Combining past and present at L’Oréal

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L’Oréal’s UK and Ireland HRD Paul Gilliam explains how the company is making the most of its heritage while ensuring the organisation and its employees are fit for the future of the beauty industry

When L’Oréal’s Paul Gilliam joined the beauty giant in 2016 from Air France KLM, some of his friends weren’t convinced the move was the best shout. “I left New York in an office next to Central Park to come to Hammersmith, where the office was a building site at the time,” jokes the HR director of UK and Ireland. “My best friend in South Africa was like ‘What are you doing? Are you going to fly here on a giant lipstick or something!?’”

But when HR magazine meets Gilliam at L’Oréal UK and Ireland’s HQ in West London, it quickly becomes apparent that there are more than a few perks to his latest gig.

“There are amazing experiences,” he says. “For example, the Lancôme team is often involved in the Baftas, L’Oréal Paris does Cannes Film Festival, Maybelline does London Fashion Week. So there are these big events and we try to get people involved in unique experiences that other companies perhaps can’t replicate.”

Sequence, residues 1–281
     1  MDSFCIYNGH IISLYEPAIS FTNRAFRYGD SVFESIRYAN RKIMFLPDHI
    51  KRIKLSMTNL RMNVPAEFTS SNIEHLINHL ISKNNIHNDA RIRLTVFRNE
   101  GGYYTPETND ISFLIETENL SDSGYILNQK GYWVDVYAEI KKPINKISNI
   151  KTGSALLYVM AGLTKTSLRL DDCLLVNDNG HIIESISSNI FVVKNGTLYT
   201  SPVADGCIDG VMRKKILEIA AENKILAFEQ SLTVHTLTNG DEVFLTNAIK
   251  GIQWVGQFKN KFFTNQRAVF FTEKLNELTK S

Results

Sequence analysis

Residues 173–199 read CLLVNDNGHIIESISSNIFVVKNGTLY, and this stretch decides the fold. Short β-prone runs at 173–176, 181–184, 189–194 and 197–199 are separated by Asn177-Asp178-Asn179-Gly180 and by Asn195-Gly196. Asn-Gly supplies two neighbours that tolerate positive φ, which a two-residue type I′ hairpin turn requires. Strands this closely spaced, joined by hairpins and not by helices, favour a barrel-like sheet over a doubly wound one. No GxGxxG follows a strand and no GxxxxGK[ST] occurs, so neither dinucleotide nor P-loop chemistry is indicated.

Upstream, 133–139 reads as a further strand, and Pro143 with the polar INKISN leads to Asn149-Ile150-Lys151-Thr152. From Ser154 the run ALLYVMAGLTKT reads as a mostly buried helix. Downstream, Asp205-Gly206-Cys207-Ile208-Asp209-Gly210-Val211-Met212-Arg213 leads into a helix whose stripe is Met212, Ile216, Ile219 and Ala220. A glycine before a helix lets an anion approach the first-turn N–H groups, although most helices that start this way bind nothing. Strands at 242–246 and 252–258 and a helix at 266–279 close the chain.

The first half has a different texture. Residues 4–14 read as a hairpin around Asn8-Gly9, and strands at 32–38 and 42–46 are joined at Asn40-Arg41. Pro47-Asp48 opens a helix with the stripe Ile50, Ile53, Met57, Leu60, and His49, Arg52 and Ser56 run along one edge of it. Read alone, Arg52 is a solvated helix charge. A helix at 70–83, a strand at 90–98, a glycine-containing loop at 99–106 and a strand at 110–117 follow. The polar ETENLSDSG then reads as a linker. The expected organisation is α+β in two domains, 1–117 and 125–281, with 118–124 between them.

Watching Gilliam pose for photos in front of the rows and rows of shiny beauty products on display also offers a glimpse into the scope of the business, which with 36 brands in UKI alone (and many more in other parts of the world), is today the world’s largest beauty and cosmetics company.

While many might automatically think of brands such as L’Oréal Paris, Gilliam explains that this doesn’t even scratch the surface, with cosmetics names spanning the consumer products, L’Oréal Luxe and professional products divisions:

“For example, there’s Garnier, which is mass products, through to YSL, which is high-end luxury products, through to professional products such as Kérastase.”